Group calls on gov't to ratify Mercury treaty

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December 4, 2019

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ENVIRONMENTAL justice group BAN Toxics called on the Philippine government to ratify the Minamata Convention to protect the people and the environment from the adverse effects of mercury exposure.

The group participated at the recently concluded 3rd Conference of Parties of the Minamata Convention in Geneva, Switzerland and co-released the ZMWG report on skin-lightening creams.

The Minamata Convention on Mercury is an international treaty that is designed to protect human health and the environment from anthropogenic emissions and releases of mercury and mercury compounds.

“The Duterte administration must follow through on its promise to protect the health of every Filipino by ratifying the Minamata Convention. This will ensure that we are protected from the dangerous effects of mercury, especially from those that are coming from human activities,” said Reynaldo San Juan, executive director of BAN Toxics.

Testing throughout 2019, the report revealed 95 of the 158 products purchased in the 12 sampling countries exceeded the legal limit of 1 ppm (part per million), with mercury levels ranging from 40 ppm to over 130,000 ppm. More than two-thirds (65 of the 95) of those were bought online from such internet marketers as Lazada, Amazon, eBay, BidorBuy, Daraz, Flipkart and Jumia. In the Philippines, BAN Toxics also revealed that mercury-laced products were also available in Divisoria and are also being sold by online sellers on Facebook.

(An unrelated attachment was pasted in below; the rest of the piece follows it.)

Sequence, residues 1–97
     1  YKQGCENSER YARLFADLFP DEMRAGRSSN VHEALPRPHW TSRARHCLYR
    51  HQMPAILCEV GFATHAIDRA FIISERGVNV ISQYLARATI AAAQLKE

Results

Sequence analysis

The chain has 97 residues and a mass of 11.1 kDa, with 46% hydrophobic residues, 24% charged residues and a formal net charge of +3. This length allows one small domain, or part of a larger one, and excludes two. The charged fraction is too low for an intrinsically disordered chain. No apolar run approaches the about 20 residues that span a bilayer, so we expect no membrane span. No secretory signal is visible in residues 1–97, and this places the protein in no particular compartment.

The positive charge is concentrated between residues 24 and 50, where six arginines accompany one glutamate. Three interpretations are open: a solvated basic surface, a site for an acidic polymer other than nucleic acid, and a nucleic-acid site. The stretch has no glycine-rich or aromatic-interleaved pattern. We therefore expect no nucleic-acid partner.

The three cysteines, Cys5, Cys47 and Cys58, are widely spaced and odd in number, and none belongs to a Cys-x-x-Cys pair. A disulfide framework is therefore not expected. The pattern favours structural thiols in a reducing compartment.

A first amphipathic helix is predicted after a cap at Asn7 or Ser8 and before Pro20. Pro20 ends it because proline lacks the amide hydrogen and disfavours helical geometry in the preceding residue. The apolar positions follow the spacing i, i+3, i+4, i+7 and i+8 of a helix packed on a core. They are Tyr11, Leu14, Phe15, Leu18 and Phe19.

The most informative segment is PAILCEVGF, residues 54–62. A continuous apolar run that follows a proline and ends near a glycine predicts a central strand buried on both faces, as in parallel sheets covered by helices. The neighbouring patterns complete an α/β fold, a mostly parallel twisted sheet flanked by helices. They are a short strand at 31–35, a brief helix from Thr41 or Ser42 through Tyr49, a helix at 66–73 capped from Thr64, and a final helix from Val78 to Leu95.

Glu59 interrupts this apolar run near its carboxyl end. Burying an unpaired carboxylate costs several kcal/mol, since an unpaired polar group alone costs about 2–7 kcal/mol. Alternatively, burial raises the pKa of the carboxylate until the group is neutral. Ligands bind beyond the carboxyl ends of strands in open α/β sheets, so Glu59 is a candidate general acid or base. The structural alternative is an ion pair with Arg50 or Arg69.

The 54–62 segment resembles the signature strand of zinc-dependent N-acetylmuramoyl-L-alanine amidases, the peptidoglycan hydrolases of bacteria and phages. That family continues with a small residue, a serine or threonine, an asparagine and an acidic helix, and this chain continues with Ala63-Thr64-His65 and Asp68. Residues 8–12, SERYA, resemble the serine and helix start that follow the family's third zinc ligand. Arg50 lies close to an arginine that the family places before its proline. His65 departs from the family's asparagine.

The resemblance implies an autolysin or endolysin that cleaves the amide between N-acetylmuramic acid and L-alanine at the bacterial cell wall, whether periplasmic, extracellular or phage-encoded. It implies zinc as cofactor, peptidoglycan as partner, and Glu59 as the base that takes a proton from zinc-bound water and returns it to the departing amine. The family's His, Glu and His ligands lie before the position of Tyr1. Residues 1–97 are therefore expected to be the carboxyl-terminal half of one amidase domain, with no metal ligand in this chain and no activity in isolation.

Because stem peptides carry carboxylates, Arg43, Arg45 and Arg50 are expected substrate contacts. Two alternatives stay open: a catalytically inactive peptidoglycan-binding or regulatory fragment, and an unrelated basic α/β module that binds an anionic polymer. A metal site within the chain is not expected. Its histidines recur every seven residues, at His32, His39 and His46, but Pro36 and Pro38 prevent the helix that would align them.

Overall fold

The Philippines is one of the 128 countries that signed the Minamata Convention in 2013. According to the Department of Environment and Natural Resources, the instrument for the ratification of the Minamata Convention was already transmitted to the Office of the President awaiting his signature. The Convention came into force in August 2017.

Human activity contributes to the largest portion of mercury release. Every year, as much as 9,000 tons of mercury are released into the atmosphere, in water and on land. The largest source of mercury emissions is artisanal and small-scale gold mining, followed closely by coal combustion, non-ferrous metal production and cement production. Everyday items, such as cosmetics, some fluorescent bulbs, some batteries and dental fillings also contain mercury and mercury compounds. Poisoning occurs most often by ingestion of contaminated fish and inhalation – liquid mercury, once commonly used in thermometers, evaporates at room temperature.

According to the Philippine Minamata Initial Assessment report, released by the DENR this year, the primary anthropogenic sources of mercury in the country is the extraction and use of energy sources. This is followed by the production of primary or virgin metal, which includes mining and gold processing, and the production of other minerals and materials with mercury impurities.

At least five bodies of water in Luzon and Mindanao and several mining sites all over the country have rising levels of mercury. The bodies of water and sites suspected to have high concentrations of mercury include Manila Bay in Metro Manila, Meycauayan River in Bulacan, Mambulao Bay in Camarines Norte, Lumanggang Creek, and Naboc River, both in Davao region, the abandoned Palawan Quicksilver Mines in Puerto Princesa City, Mabuhay Vinyl Corp. in Iligan City, a chlor-alkali producer, and mining and gold processing sites in Camarines Norte and Masbate.


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